To control runoff and protect property in developed areas, stormwater management systems are used to collect stormwater runoff, infiltrate back to the groundwater or carry it to storage areas and to an eventual discharge point. Post Construction Stormwater Management considerations are a requirement for projects under both Chapter 102 Erosion Control and the NPDES Permit Programs.
As part of the NPDES Permit, Post Construction Stormwater Management plans should:
- Preserve the integrity of stream channels and protect the physical, biological and chemical qualities of the receiving stream.
- Prevent an increase in the rate of stormwater runoff.
- Minimize any increase in stormwater runoff volume.
- Minimize impervious areas, land clearing, grading, and soil compaction.
- Maximize the protection of existing drainage features and vegetation.
- Utilize structural or nonstructural Best Management Practices that prevent or minimize changes in stormwater runoff.
The Pennsylvania Stormwater Best Management Practices Manual is a tool created to assist developers, engineers, municipal officials, conservation district personnel and others involved with the planning, design, review and approval of stormwater management plans for development projects. It describes practices and principles that are effective, aesthetically pleasing, and space-efficient while protecting water quality and improving wildlife habitat.
What is Stormwater?
Rain or snow that falls either soaks into the ground to become groundwater, evaporates, or flows off over the land surface. The overland flow is called runoff or stormwater and is the primary water source for vernal pools, wetlands, streams, rivers, lakes, and water supply reservoirs.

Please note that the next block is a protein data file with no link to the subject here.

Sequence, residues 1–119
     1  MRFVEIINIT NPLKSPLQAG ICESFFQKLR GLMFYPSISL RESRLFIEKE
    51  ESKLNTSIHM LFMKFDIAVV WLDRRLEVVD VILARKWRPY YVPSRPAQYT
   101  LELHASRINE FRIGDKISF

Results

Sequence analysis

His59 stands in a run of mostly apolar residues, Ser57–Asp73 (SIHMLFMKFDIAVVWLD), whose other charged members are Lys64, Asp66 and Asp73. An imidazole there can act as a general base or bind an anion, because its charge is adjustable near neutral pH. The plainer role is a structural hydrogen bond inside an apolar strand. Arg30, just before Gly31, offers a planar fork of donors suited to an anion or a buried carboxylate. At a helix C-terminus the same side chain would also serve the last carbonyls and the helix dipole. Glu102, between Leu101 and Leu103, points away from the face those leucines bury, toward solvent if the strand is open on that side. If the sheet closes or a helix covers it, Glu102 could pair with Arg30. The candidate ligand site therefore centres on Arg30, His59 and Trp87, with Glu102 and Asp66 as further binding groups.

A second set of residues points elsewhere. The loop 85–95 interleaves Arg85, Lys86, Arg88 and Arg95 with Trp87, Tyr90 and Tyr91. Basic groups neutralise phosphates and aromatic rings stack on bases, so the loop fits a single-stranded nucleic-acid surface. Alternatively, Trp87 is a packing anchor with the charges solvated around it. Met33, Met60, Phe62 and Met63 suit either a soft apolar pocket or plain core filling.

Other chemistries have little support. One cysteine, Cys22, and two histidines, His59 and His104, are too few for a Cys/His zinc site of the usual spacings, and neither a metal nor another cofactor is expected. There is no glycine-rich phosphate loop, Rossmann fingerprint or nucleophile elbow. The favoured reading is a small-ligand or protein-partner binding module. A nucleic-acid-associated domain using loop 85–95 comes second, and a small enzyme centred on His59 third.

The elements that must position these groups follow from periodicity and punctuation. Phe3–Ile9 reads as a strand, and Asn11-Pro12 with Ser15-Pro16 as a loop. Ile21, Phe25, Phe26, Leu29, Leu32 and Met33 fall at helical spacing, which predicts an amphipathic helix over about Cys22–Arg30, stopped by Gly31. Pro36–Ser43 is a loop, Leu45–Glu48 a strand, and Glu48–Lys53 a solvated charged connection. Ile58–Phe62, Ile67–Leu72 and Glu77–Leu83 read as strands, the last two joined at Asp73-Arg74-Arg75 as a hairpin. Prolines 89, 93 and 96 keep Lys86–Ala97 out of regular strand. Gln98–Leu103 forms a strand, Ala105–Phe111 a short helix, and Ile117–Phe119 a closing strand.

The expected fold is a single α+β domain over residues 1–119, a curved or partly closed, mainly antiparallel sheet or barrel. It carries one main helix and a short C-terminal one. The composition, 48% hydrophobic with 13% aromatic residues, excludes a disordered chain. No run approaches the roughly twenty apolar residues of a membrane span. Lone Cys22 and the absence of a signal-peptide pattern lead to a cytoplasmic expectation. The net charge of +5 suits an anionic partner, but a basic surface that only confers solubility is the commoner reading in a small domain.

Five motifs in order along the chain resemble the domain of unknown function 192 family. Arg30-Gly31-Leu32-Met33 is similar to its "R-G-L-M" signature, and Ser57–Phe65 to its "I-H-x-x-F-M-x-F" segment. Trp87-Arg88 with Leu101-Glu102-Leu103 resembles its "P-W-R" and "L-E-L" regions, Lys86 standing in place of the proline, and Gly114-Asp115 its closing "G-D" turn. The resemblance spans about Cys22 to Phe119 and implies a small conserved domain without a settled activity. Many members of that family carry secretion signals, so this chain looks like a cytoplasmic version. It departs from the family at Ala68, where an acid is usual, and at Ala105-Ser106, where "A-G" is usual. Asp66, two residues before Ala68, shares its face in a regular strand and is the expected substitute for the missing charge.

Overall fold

As stormwater flows over the land it washes along or dissolves some of the materials in its path. Vegetative surfaces can slow the flow down, filter out sediments, and can break down or trap pollutants within the root zone. In contrast, buildings, roads, parking areas, and exposed bedrock increase the volume and speed of stormwater runoff since no water can soak into the ground and the hard surfaces present little resistance to flow.
Where does Stormwater Go?
Because excess stormwater can increase the potential for flooding and property damage, it is collected and conveyed through a drainage system. This system of pipes, inlets, and ditches known as the storm sewer system, leads directly to discharge points in local waterways. Many older communities have combined sewer systems, which carry sewage and stormwater runoff in the same pipes. When it rains, the extra stormwater causes the combined sewers to fill to capacity and some of the stormwater/raw sewage mixture directly overflows into our waterways. These events are called combined sewer overflows (CSOs).
Issues with Stormwater
Stormwater becomes a transportation system for pollutants. Soil that erodes from a construction site, cigarette butts, and other litter from parking areas, antifreeze and oil dripped from cars, fertilizers, and pesticides from turf management, and grit and salt left from de-icing operations on roadways can be deposited untreated into our waterways. Water can contain and transport sediments, metals (copper, cadmium, chromium, lead, zinc), nutrients (nitrates, phosphates, ammonia), salt, petroleum products, and coliform bacteria among other materials. This is why stormwater is such a significant contributor to water pollution. Polluted stormwater runoff that discharges in urbanized areas cause serious water quality problems. Polluted runoff to water bodies can affect aquatic plant and animal life in streams and lakes, reduce recreational activities such as boating and swimming, and increase flooding conditions.